Dracaena leaves can potentially be harmed by wind. While some species have more delicate foliage, others have strong, thick leaves that can resist a lot. Outside, all plants are more vulnerable to harm, so if you cherish your plants’ pristine leaves, you might not want to place them there.

Prior to the nights becoming too chilly, be sure to remember to bring the plant inside once more. When transitioning from the sun to the shade, there is no need to proceed gradually.

It is a good idea to inspect your plants for pests before bringing them inside for the fall and winter. Avoid bringing inside hitchhikers that might infest your other plants.

Moving your Dracaena houseplants outside during the summer has both benefits and drawbacks. You’ll need to put in a little extra work, and there are certain hazards. But generally speaking, dracaenas will prosper in summertime outside conditions.

Growing dracaena indoors

Dracaena, sometimes known as the corn plant, is one of the houseplants about which the NYBG Plant Information Service receives the most inquiries. The ease of maintenance, tall, palm tree-like growth habit, and variety of eye-catching leaf forms of this houseplant may account for its appeal. These plants, which are of African origin, have a striking architectural influence in the home. The vibrantly striped, variegated, or even blotched leaves can be quite striking.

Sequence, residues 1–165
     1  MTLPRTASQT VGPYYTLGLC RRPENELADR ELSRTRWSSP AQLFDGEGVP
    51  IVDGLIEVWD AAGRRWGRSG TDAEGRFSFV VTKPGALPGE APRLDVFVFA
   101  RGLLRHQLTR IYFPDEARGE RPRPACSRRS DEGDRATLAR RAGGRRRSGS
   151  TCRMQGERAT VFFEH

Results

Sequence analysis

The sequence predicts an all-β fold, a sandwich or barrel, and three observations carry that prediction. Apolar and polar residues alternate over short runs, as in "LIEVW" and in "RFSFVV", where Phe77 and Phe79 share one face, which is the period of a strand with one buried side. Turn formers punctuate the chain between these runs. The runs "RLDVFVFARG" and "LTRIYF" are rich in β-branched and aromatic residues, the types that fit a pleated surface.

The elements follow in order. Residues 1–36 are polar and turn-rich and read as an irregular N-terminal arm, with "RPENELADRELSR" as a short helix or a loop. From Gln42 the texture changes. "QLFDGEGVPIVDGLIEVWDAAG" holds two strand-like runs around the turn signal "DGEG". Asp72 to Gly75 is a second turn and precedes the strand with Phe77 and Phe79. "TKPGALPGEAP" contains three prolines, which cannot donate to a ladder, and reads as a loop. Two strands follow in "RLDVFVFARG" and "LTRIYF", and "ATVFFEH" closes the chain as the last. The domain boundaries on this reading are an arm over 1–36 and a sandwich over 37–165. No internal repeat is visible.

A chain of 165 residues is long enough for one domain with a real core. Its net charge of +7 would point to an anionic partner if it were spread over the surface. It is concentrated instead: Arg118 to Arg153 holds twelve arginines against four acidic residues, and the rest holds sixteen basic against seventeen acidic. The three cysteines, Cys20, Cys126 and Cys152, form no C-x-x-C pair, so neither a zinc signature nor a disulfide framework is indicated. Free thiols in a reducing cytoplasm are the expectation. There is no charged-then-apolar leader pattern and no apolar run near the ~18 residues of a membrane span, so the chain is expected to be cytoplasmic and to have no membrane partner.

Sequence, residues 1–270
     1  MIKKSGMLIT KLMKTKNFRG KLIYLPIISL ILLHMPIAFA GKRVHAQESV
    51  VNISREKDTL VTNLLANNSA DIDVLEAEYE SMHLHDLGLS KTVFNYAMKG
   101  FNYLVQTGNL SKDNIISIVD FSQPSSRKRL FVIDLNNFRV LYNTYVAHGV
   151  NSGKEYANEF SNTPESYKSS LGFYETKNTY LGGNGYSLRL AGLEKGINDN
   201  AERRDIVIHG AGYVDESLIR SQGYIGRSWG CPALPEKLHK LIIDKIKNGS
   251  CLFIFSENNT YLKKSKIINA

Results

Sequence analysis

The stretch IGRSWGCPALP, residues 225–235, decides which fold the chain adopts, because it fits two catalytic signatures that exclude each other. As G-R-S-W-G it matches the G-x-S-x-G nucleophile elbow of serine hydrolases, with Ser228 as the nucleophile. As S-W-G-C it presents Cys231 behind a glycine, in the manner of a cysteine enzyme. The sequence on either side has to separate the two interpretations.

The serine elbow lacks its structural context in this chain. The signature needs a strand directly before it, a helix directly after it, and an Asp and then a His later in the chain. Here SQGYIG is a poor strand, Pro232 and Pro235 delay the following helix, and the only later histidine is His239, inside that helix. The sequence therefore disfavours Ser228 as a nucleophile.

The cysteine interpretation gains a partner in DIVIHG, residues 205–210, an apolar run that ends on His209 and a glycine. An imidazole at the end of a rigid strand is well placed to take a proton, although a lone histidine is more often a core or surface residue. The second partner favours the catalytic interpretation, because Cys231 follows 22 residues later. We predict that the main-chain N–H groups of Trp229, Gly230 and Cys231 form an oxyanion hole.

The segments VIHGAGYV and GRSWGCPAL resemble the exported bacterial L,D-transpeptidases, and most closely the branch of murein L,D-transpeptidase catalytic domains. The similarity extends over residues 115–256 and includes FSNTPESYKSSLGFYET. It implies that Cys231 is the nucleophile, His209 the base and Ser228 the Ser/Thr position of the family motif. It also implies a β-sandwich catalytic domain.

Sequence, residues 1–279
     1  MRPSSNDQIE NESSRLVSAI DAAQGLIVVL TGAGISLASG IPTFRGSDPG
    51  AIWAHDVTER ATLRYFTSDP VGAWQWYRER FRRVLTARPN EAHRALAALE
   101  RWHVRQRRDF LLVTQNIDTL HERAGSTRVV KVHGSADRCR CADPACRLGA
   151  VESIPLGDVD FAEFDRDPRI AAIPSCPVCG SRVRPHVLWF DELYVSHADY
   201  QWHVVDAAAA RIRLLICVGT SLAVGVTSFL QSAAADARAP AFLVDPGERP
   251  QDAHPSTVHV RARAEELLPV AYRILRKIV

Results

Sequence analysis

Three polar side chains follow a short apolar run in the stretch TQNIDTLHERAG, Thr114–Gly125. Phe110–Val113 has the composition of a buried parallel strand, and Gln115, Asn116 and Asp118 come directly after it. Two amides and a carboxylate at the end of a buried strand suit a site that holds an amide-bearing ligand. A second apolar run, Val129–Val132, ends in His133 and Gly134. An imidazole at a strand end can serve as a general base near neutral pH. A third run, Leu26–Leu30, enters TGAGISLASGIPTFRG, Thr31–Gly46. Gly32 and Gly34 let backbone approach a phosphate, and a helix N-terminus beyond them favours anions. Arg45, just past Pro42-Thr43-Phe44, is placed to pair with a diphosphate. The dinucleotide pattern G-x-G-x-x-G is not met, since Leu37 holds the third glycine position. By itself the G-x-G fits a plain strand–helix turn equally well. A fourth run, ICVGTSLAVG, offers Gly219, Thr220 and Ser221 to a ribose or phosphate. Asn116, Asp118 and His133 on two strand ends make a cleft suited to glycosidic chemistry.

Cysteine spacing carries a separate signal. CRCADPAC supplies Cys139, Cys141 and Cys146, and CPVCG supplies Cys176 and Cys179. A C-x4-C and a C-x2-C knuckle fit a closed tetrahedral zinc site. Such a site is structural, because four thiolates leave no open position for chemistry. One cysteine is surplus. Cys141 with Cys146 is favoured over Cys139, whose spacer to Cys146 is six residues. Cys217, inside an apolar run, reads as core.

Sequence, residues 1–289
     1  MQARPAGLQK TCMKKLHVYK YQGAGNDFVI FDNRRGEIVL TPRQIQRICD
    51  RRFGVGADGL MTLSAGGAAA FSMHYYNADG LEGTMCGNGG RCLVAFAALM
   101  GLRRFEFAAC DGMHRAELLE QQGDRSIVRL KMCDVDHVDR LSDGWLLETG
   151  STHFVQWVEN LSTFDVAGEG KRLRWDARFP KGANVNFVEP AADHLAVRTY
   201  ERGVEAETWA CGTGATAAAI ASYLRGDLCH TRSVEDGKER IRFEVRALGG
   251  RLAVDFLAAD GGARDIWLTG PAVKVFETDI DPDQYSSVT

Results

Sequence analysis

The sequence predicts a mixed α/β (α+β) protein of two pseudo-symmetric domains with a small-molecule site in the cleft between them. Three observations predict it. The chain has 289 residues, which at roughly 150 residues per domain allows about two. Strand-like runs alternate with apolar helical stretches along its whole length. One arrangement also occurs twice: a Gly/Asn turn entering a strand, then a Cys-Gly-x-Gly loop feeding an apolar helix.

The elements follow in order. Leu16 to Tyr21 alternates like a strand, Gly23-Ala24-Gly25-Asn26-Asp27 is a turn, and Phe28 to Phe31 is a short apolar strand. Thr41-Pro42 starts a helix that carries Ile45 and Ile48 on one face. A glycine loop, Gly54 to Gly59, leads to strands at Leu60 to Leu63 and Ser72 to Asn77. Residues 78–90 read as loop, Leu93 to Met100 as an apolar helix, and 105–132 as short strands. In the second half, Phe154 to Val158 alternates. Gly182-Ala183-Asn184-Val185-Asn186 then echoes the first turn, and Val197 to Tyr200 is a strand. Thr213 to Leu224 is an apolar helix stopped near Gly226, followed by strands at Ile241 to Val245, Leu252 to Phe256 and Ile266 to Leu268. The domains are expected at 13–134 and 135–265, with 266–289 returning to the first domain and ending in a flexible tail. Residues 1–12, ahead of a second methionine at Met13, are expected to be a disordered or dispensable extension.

Dracaena marginata’s spikey leaves, which are occasionally mistaken for cordyline plants, are more tolerant to regular indoor circumstances than other dracaenas. If the growth is not controlled through pruning, it can grow to be 6 feet or more tall inside. As the plant becomes older, the lowest leaves naturally fall off, giving the adult D. marginata a palm tree-like look with a thin, elegantly scarred stem.